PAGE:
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Frishberg & Partners Kiev

Last year ING threatened to hold Ukraine in default, declaring the 8-year-old nation to be insolvent. At the time, ING's threat appeared to have have finally forced Ukraine into an interesting series of economic reforms, leading to a renewed effort in the privatization of its enterprises.

On July 21 1999 the Ukrainian Cabinet of Ministers approved the procedure for selling state-owned shares in open joint stock companies on international markets, allowing foreign investors to assemble their portfolios by simply buying shares of a Ukrainian enterprise on international stock exchanges without investing the considerable time and energy required in finding Ukrainian partners. Sounds good, but is it now possible to follow the stock exchange rates of Ukrainian enterprises and freely buy and sell Ukrainian stocks as the market rises and falls? Yes, if one blindly believes in the effectuation of Resolution 1320 of the Cabinet of Ministers of Ukraine (On the Procedure for the Sale of Packets of Shares of Open Joint Stock Companies, Created in the Process of Privatization, Which Belong to the State, in the Form of Depository Receipts on International Stock Exchanges, dated July 21 1999).

In an effort to boost the state budget with funds earned from privatization, the Cabinet of Ministers passed the Resolution, making it possible for investors to buy packets of shares from specific open joint stock companies on international markets in the form of depository receipts. As a side effect, this creates jobs for those who work in the securities markets in Ukraine (ie, traders, underwriters, banks, brokers, custodians, etc).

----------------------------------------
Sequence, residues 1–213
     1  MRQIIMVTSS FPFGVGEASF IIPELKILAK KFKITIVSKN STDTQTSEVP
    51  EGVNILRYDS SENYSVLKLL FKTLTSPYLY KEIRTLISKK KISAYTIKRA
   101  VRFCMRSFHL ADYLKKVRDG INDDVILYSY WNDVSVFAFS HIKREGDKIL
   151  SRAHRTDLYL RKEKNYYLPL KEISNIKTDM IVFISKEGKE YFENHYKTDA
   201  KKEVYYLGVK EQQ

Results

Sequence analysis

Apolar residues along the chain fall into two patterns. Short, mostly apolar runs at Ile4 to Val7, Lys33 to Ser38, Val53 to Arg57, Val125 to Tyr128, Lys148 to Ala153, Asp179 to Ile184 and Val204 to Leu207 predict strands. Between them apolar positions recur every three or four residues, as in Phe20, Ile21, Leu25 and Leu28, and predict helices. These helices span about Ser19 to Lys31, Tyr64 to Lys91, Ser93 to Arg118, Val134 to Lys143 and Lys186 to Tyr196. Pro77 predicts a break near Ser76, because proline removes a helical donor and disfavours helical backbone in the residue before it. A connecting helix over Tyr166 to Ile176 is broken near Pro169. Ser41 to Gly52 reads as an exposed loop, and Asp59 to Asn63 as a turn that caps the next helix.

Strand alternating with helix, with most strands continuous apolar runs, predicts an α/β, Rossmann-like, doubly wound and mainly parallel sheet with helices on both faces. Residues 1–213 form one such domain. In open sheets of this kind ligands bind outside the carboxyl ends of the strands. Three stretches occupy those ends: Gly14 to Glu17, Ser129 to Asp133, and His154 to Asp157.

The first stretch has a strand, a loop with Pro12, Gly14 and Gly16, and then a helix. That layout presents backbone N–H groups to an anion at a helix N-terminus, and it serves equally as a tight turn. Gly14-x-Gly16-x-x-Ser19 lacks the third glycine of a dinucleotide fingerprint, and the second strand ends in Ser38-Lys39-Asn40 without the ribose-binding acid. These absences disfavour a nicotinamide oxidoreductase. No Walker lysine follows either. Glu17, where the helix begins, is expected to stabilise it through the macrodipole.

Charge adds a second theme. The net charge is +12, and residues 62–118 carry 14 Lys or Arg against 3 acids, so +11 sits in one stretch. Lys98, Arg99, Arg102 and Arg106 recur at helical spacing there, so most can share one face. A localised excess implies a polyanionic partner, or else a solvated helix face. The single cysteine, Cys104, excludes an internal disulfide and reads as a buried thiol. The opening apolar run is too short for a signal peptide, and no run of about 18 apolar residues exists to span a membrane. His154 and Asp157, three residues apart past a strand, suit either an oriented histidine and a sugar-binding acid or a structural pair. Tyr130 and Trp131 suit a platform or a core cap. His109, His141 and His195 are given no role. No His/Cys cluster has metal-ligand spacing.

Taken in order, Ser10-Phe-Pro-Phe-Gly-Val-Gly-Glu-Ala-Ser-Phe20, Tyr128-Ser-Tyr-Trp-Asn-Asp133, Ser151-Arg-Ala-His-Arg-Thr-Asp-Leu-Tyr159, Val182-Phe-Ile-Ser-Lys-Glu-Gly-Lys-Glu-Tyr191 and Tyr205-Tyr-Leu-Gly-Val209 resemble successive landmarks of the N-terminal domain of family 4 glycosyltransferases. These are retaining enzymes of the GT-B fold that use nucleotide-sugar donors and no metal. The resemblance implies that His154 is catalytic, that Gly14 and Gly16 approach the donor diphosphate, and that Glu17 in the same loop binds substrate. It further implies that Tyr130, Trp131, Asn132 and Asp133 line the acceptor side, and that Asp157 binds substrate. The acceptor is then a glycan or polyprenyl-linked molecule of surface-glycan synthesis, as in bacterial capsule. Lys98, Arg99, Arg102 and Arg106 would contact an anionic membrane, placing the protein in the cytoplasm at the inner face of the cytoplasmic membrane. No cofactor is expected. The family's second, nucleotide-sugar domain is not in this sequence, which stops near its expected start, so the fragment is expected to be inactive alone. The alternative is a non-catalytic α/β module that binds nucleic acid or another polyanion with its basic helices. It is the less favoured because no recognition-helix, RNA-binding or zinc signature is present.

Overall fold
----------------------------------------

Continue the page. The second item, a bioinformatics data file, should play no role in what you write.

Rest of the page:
Ultimately, the success of the depository receipt procedure will depend on how the international securities traders and banks perceive the potential profits of buying and selling Ukrainian securities. In other words, someone will need to make Ukraine a sellable product on international markets. Among other things, this means that the valuation of the shares of Ukrainian open joint stock companies will have to be both attractive and comprehensible to foreign securities traders and banks.

Procedurally, the State Property Fund (SPF) must first make a formal decision to sell shares of an open joint stock company in the form of depository receipts on international stock exchanges. A depository receipt is the security which confirms the right of an investor to securities located in a specific depository institution, and gives the receiver the right to own the securities for which they hold the receipt. After rendering its final decision to sell shares in the form of depository receipts, the SPF must appoint a so-called advisor to organize the sale of such shares. The advisor is chosen by a tender held by the SPF and concludes an agreement with the SPF, which contains the specific obligations of such advisor. The advisor must be a legal entity which will determine the scheme of distributing the depository receipts onto the international market. The advisor is responsible for such matters as advertising the block of shares to potential investors, substantiating the best market and form of depository receipts for the sale of shares, estimating the price ratio between the actual shares and the depository receipts, and approximating the expenses related to effectuating the final sale of shares.